also i did forget to mention, i did check each individual folder, and nothing accounts for all the spaced used in /:

Code:
du -sh *
6.1M    bin
11M     boot
56K     dev
95M     etc
97G     home
120M    lib
16K     lost+found
4.0K    media
0       misc
4.0K    mnt
0       net
4.0K    opt
du: cannot read directory `proc/17293': No such file or directory
du: cannot read directory `proc/17315': No such file or directory
du: cannot read directory `proc/17317': No such file or directory
du: cannot read directory `proc/17318': No such file or directory
du: cannot read directory `proc/17319': No such file or directory
du: cannot read directory `proc/17320': No such file or directory
du: cannot read directory `proc/17323': No such file or directory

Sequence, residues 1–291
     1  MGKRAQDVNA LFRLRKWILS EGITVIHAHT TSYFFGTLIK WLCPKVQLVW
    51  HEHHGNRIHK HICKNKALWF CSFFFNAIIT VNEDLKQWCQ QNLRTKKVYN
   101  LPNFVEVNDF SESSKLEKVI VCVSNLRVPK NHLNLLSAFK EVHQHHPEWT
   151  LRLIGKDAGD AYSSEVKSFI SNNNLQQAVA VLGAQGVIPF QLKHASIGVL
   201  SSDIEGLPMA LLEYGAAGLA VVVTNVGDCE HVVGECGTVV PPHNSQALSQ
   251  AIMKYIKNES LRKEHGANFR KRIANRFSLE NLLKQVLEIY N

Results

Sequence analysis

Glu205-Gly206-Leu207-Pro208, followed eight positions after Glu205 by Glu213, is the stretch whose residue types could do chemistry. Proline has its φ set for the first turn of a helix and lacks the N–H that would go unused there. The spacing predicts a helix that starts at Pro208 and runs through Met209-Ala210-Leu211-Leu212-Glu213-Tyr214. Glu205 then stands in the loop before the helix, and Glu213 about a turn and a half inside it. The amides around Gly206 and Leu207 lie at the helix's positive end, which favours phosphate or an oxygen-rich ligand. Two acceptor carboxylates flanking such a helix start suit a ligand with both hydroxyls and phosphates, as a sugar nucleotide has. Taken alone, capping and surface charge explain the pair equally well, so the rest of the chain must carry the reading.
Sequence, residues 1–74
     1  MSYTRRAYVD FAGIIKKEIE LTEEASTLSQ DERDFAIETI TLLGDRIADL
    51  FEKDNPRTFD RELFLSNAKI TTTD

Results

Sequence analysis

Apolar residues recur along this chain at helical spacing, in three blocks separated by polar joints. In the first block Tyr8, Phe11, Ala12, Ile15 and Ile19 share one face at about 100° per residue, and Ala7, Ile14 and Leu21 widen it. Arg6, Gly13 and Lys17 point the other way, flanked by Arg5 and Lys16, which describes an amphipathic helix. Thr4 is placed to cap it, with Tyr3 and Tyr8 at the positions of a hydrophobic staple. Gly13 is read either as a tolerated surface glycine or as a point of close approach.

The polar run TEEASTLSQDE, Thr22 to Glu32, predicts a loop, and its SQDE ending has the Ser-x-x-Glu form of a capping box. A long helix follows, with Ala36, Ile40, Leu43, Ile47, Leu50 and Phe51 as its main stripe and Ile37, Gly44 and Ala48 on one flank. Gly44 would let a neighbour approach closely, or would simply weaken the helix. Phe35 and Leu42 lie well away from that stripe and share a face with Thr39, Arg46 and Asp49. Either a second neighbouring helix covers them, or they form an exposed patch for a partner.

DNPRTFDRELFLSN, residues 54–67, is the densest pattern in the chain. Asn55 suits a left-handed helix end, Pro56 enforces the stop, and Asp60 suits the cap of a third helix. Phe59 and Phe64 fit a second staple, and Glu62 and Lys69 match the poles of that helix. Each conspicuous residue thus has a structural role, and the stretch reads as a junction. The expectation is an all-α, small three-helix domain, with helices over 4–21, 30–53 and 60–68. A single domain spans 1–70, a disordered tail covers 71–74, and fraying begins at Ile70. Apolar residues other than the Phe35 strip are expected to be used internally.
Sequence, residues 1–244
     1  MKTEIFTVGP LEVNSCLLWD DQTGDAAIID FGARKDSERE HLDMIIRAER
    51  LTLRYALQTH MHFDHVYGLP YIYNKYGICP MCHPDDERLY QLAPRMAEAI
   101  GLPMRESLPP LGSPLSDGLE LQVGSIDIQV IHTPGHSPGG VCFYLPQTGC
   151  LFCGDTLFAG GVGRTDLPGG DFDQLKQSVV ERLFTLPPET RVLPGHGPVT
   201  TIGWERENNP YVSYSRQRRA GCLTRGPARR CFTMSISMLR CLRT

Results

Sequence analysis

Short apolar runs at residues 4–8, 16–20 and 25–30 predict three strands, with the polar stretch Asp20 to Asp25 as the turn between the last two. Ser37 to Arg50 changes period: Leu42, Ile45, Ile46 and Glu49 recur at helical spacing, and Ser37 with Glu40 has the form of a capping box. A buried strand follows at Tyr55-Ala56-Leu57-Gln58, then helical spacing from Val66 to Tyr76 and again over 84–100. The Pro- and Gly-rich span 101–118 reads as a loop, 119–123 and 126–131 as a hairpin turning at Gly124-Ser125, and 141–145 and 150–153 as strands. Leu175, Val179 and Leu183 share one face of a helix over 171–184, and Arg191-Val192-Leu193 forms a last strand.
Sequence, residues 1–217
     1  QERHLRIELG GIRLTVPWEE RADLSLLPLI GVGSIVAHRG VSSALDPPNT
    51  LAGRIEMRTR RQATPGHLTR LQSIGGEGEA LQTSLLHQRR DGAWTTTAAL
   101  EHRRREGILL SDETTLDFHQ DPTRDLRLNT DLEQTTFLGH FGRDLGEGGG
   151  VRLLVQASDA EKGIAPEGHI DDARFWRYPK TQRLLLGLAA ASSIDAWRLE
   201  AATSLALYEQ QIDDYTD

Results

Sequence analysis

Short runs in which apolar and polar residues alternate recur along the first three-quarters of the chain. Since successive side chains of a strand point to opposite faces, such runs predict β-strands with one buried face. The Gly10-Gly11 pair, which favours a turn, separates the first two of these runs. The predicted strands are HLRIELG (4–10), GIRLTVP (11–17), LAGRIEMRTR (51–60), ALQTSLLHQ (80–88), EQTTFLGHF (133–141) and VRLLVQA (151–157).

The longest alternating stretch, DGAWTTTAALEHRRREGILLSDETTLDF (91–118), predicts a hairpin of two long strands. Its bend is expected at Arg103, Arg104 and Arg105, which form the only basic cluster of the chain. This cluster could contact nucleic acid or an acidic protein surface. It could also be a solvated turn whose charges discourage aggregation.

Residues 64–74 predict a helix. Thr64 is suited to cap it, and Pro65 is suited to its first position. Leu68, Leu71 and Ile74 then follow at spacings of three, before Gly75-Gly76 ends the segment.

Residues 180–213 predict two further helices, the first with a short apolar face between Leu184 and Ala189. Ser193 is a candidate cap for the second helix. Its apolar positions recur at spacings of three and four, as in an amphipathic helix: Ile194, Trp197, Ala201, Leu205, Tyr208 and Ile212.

du: cannot read directory `proc/17340': No such file or directory
du: cannot read directory `proc/17346/task': No such file or directory
du: cannot read directory `proc/17346/fd': No such file or directory
du: cannot read directory `proc/17346/attr': No such file or directory
du: cannot access `proc/17346/coredump_filter': No such file or directory
du: cannot access `proc/17346/io': No such file or directory
0       proc
2.0M    root
27M     sbin
4.0K    selinux
4.0K    srv
0       sys
72K     tmp
1.7G    usr
178M    var
 
Old 10-06-2009, 04:49 PM   #4
bufo
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Hi,

Looks like you have one partition containing both / and /home directories. If you check 'info du' the two options -H or -si and -h do not report the same number, one is in powers of 1024 the other human readable 1000. What you wanted is "df" command showing disk file system.

Regards
 
Old 10-06-2009, 04:51 PM   #5
AwesomeMachine
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This will tell you what really big files are on your system:

find / -size +10000